Into this glut wanders Mathew Klickstein’s “Selling Nostalgia: A Neurotic Novel,” which both satirizes our obsession with the past and profits from it. Klickstein, 37, is a self-professed pop culture historian who’s spent his career, well, mining nostalgia for cash. A journalist by trade, he became the leading expert on Nickelodeon, writing 2013’s “Slimed!,” an oral history of the network’s early days, and then chronicled the career rebirth of its longtime host Marc Summers.
He’s also ghostwritten memoirs for the likes of “Simpsons” writer Mike Reiss and “Mr. Skin” (Jim McBride), a Howard Stern regular whose website posts clips of naked actresses. In his work, Klickstein strives to create a behind-the-scenes view of beloved entertainment.
“I’m the kind of guy who watches a commentary about a documentary based on a film,” he said.
“Selling Nostalgia,” though fiction, captures that meta feeling. It provides a darkly humorous look at the challenges of spending an inordinate amount of time living and breathing pop culture — and idolizing the dominant personalities. The story follows Milton Siegel, a reformed journalist who turns to documentary-making and ghostwriting.
As the novel opens, Milt is headed to Los Angeles to prepare for the launch of his documentary on 1980s cult hero and former talk-show host Gil Gladly, who’s also a demanding boss — think, Klickstein said, BoJack Horseman meets Miranda Priestly. What follows is chaos, mostly, as Milt coordinates with flaky PR people, fends off attention-seeking child stars and tries to keep some money in his bank account.
With “Selling Nostalgia,” Klickstein set out to give readers a lighthearted romp through his world. At times, the result is an exhausting laundry list of pop cultural references real and fictional.
But Klickstein also delivers a searing critique of geek culture and the trouble with indulging nostalgia at the expense of reckoning with reality. Though he didn’t set out to write a social commentary, it’s on that level that he finds the most success. Gil loves Milt, but the aging star isn’t always kind to his young documentarian. He yells, makes demands at odd hours and has a track record of getting into Twitter fights and going viral for all the wrong reasons.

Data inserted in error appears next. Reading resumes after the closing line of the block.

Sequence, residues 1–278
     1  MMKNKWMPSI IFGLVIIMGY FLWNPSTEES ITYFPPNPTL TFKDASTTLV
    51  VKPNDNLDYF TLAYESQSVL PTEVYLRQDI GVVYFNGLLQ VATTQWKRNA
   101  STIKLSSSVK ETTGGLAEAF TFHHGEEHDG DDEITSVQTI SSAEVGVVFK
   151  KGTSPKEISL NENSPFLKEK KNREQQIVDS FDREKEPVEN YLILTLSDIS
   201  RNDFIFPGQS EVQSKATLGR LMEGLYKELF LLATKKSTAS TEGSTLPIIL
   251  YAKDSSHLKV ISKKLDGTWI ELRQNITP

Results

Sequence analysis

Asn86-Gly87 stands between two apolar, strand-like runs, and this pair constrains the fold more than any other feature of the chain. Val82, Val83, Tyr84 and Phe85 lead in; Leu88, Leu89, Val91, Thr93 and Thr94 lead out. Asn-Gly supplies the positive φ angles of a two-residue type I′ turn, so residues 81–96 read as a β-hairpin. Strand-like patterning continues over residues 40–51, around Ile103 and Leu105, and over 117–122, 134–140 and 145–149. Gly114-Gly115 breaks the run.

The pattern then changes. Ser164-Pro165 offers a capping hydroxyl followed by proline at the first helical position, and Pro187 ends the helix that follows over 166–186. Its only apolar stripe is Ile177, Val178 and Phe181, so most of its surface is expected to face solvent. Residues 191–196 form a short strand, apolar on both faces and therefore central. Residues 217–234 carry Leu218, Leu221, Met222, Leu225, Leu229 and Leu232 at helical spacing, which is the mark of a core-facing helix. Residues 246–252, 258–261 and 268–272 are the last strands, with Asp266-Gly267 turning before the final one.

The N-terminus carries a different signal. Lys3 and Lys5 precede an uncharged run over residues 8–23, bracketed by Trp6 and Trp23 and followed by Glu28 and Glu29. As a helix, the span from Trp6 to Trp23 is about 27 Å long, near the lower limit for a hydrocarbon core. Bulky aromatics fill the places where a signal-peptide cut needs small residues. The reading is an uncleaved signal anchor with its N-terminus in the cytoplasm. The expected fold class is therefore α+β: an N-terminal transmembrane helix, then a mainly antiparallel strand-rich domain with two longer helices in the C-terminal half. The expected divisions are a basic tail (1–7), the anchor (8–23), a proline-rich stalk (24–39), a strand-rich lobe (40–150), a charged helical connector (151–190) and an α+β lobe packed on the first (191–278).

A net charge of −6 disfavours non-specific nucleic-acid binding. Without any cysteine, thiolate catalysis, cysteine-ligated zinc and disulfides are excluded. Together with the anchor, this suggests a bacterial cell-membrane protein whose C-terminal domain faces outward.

“I really wanted to show that that guy that you might have looked up to when you were a kid on the TV show — he might be a very different person than you think he is,” Klickstein said.
In the book, he writes: “These kinds of things were part of an element of Gil’s personality that Milt always worked the hardest at ignoring. He didn’t want to think he was doing all of this for a guy who might not have been as good a guy as he seemed.”
The book is set in 2017, just when open secrets about men not unlike Gil were starting to make headlines, exposing Hollywood staples for who they really are. An event on Milt’s movie tour nearly gets canceled after a venue’s communications director gets embroiled in a sexual harassment claim.
“I kind of wanted to say, ‘Hey, you know, I’m going to show you a little bit of how the sausage is made,’ ” Klickstein said.
In real life, too, the business of selling nostalgia can be problematic, when we focus on our idols and their art, flaws and all, at the expense of seeing the big picture — that much of what we may love is marred by the racism and sexism of an earlier time. The novel’s sober message is complicated by Klickstein’s own missteps. In 2014, a venue canceled an event with him after he dismissed the importance of diversity in children’s television in a highly circulated interview with Flavorwire. (“It wasn’t a true representation of who I am and what I do,” Klickstein said of his comments.)
That history renders some of Klickstein’s artistic choices a potential lightning rod — despite the accurate reflection of discrimination that runs rampant in traditionally white, male “geek” circles. In “Selling Nostalgia,” Milt says a black woman tending bar isn’t his “flavor,” and an olive-skinned female stripper is “exotic.”
“I really wanted to make sure that this is a true time capsule, that it’s an accurate depiction of 2017,” Klickstein said. “And that there are all different kinds of people doing all different kinds of things.”
For Klickstein, writing fiction, as full of real-world issues as it may be, was a way to explore geek culture and nostalgia without dipping back into the same, oft-recycled well of 1980s and ’90s programming.
“To mass-merchandise them, to mass-produce them, to have millions of sequels does dilute some of the magic a little bit,” he said of revisiting favorite franchises. If anything, “Selling Nostalgia” shows that the magic isn’t diluted only by mass production; it’s also diluted by the realities of the artists behind it.
Julie Kliegman is a copy editor for the Ringer.